Album review

Ours : Precious

Ours : PreciousI'm sorry I missed 'em the first time around on their Distorted Lullabies 2001 breakthrough, because Precious comes across as a pleasant surprise. Upon reading the lyrics, I was left with an impression that Ours were more about substance than style, but I wasn't sure if they were another of these multi-purpose, please everyone and sell millions outfits.

In truth, they may sell millions with their catchy, radio ready hooks and sensuous ballads, but they'll leave a felt presence with their music regardless - much like The Cure or The Church - traversing every emotion before touching upon reality in an ultimately uplifting passage.
    Jimmy Gnecco - chief lyricist and dominant voice to the proceedings - goes from croon, to crash, to cosmic the way few often can, adapting from ethereal to earthy to over the edge as the need arises.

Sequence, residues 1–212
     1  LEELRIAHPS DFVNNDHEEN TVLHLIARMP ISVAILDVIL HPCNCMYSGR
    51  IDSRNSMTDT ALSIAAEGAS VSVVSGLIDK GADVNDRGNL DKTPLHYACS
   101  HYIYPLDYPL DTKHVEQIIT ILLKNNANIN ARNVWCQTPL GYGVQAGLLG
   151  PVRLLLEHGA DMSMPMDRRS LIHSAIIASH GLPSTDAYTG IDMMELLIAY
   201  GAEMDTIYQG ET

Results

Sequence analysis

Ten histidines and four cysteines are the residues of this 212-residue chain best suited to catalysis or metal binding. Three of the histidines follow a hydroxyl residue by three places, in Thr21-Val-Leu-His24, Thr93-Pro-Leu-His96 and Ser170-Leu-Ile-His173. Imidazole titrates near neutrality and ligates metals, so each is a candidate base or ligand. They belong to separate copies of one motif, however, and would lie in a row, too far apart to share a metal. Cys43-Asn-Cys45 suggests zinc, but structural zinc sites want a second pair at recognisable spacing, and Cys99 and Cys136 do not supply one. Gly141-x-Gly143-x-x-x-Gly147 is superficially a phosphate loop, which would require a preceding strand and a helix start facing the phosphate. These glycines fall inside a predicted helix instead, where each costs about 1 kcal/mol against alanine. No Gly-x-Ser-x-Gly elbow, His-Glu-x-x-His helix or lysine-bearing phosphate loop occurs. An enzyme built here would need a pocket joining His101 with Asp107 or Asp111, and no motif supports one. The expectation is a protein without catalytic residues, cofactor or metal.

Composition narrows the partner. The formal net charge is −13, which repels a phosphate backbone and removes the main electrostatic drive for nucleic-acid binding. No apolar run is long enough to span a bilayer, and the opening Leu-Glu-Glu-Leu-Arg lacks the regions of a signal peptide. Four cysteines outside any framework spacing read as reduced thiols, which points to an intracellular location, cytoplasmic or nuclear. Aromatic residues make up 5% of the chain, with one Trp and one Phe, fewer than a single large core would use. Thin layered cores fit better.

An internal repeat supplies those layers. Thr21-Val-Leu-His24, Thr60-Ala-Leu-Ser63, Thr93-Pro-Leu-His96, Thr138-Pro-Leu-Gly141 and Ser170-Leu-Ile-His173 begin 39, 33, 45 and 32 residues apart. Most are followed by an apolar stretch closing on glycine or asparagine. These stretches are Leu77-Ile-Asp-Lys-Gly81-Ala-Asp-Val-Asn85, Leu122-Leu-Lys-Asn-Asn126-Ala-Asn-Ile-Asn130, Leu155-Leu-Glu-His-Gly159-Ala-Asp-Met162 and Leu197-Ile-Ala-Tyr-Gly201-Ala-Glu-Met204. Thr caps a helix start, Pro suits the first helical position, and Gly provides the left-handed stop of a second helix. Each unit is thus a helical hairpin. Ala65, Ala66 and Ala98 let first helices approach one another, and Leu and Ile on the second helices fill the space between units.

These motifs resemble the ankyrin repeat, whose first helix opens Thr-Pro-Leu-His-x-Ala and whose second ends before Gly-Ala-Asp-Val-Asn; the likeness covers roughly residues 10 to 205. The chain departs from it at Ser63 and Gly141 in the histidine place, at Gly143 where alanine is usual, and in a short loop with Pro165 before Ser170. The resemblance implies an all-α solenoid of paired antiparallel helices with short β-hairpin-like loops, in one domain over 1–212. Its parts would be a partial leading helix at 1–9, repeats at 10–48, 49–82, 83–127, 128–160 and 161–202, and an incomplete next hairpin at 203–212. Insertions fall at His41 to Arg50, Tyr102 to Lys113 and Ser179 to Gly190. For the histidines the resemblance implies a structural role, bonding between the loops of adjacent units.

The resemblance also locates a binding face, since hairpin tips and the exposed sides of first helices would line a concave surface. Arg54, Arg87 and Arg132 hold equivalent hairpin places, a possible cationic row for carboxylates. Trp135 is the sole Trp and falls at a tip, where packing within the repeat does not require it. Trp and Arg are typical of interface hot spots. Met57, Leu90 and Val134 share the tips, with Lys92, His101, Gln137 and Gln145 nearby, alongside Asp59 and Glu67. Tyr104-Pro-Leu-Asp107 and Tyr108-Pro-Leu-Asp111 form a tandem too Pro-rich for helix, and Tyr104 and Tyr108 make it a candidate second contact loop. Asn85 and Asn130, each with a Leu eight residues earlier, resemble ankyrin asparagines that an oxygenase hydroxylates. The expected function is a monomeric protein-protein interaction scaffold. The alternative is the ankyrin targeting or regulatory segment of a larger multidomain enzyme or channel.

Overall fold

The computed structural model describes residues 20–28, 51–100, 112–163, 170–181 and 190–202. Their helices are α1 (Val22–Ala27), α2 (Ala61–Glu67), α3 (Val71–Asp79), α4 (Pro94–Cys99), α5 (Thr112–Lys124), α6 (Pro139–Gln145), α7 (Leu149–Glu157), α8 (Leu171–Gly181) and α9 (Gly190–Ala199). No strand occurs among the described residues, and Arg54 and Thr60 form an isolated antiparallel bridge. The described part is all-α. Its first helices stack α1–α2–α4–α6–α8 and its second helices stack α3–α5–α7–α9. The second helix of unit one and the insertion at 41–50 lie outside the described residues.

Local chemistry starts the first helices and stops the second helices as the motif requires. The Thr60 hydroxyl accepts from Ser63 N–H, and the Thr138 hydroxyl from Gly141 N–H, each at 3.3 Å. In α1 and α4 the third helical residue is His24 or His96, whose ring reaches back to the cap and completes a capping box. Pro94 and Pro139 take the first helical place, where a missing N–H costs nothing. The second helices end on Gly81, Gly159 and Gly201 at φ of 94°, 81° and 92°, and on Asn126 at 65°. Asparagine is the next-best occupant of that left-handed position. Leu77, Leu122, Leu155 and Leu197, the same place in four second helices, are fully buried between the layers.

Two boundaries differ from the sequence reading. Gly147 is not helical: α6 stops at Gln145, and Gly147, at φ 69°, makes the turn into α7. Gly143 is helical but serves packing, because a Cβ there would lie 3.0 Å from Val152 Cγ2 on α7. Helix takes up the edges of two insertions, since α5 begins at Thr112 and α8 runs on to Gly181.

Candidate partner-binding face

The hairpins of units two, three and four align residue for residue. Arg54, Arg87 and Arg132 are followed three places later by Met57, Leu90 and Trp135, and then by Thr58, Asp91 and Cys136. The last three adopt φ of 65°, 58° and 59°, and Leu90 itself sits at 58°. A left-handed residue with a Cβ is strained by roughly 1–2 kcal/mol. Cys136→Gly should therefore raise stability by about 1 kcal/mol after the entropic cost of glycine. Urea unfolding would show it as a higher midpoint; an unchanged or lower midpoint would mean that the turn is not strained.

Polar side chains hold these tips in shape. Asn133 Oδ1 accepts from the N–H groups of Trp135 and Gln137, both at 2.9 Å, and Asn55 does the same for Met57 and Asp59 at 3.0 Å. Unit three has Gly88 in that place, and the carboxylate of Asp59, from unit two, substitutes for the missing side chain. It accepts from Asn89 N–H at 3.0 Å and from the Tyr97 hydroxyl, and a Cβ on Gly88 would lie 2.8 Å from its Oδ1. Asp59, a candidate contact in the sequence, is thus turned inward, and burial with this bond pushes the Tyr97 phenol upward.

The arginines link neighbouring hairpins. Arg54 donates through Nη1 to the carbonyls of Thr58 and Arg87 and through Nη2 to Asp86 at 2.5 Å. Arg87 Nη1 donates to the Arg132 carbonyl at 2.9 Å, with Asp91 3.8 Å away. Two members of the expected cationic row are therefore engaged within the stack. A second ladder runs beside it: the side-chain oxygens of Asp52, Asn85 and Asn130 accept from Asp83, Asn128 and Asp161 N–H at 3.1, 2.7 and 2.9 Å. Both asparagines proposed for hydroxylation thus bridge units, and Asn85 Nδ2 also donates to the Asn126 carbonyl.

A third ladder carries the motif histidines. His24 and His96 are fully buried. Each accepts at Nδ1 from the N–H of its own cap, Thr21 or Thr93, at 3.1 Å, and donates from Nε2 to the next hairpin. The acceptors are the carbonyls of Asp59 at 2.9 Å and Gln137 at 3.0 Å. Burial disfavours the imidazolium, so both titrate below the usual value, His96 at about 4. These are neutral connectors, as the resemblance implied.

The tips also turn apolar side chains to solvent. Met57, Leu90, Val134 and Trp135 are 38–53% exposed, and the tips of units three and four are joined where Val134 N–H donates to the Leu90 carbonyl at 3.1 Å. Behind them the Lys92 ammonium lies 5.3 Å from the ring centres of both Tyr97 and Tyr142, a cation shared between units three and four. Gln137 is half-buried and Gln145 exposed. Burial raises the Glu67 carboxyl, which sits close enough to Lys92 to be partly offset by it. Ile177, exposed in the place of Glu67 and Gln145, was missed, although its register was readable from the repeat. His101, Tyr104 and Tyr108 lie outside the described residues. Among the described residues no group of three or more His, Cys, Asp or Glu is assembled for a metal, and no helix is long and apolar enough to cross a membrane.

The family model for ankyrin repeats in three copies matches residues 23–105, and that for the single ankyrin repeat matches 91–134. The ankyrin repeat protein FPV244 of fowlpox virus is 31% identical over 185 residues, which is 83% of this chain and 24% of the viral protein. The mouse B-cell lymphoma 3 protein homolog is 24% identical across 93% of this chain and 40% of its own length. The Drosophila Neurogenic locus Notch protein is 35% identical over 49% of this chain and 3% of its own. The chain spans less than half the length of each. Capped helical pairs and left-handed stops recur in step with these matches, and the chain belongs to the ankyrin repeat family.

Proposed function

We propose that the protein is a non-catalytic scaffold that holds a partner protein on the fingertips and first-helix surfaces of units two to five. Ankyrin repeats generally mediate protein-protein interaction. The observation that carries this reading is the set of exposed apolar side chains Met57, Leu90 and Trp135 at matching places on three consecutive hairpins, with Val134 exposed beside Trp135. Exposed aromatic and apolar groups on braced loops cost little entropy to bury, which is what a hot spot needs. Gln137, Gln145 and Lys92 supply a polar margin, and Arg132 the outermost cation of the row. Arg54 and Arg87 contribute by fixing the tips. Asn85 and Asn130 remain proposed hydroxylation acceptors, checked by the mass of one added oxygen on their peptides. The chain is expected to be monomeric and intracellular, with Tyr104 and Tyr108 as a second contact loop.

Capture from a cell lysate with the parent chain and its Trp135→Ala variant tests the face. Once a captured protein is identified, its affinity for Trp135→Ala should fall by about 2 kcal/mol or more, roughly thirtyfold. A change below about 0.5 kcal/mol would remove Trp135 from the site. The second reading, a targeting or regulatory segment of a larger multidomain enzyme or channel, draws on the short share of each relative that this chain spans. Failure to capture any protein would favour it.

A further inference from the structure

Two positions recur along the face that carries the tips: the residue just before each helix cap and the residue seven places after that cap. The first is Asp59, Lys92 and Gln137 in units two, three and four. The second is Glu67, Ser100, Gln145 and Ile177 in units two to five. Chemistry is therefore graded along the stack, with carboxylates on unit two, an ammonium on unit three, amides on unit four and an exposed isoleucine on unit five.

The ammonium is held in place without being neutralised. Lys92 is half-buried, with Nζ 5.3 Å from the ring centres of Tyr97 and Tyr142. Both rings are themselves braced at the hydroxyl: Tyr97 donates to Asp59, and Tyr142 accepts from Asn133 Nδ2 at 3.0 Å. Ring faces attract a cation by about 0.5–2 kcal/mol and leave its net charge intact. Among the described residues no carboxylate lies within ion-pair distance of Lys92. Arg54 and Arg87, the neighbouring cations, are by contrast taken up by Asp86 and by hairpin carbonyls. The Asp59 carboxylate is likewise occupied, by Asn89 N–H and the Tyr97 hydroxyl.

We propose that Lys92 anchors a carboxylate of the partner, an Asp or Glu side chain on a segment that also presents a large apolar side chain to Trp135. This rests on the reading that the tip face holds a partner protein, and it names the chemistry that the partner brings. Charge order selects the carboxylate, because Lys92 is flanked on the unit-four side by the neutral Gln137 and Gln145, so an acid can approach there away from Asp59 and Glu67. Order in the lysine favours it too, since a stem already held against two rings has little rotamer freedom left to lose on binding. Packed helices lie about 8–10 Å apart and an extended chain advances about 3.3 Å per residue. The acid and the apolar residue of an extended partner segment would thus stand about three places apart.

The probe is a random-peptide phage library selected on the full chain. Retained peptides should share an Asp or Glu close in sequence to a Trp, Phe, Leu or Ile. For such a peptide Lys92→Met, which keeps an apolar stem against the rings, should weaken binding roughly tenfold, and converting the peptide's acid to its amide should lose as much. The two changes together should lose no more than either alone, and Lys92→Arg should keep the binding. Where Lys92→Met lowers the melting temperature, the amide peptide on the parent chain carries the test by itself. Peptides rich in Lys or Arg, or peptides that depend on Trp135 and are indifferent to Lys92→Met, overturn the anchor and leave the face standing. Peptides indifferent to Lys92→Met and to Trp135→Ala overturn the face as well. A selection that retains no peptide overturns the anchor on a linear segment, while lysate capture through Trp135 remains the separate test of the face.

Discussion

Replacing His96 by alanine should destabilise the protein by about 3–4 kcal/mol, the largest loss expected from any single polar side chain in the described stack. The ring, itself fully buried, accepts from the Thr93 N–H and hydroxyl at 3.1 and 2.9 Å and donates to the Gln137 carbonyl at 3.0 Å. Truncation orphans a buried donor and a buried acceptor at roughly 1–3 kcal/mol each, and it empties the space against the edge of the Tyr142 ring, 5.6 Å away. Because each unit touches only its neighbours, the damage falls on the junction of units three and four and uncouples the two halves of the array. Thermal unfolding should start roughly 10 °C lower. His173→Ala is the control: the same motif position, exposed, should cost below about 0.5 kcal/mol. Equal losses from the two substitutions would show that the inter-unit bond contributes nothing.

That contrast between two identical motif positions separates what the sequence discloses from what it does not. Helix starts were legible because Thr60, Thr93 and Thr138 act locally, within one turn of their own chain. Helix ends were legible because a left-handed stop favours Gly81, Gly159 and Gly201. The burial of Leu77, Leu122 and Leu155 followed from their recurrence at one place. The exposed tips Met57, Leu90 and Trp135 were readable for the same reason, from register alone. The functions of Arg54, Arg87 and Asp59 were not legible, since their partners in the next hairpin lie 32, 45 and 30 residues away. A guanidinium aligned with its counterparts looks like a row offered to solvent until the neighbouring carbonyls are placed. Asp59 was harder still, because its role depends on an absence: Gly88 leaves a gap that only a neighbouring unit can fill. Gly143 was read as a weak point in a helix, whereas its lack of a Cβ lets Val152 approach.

Precious is foremost an indie rock style record with pop overtones, quaint gothic underpinnings, and an aural mystique that's again directed towards The Cure, maybe Morrissey, modern rock marvels like Must, a less static Deadsy, definitely a whisper of Wallflowers . . . even Joshua Tree-era U2.

The sleeper hit is undoubtedly their glistening cover of The Velvet Underground's Femme Fatale. On the one hand, you're swimming in a sea of dread with tracks like Kill The Band or Place, while on the other, a flame of frivolity lights up the dark for In A Minute or the revealing If Flowers Turn. Red Colored Stars is the dynamic closer, where the resounding sense is of promise and hope sprung from light acoustics and an inquisitively demanding chorus.
    In an age where many bands are defined by the immediacy of their next teen anthem, Ours set loftier goals for a fuller, fancier future.

:: Vinnie Apicella

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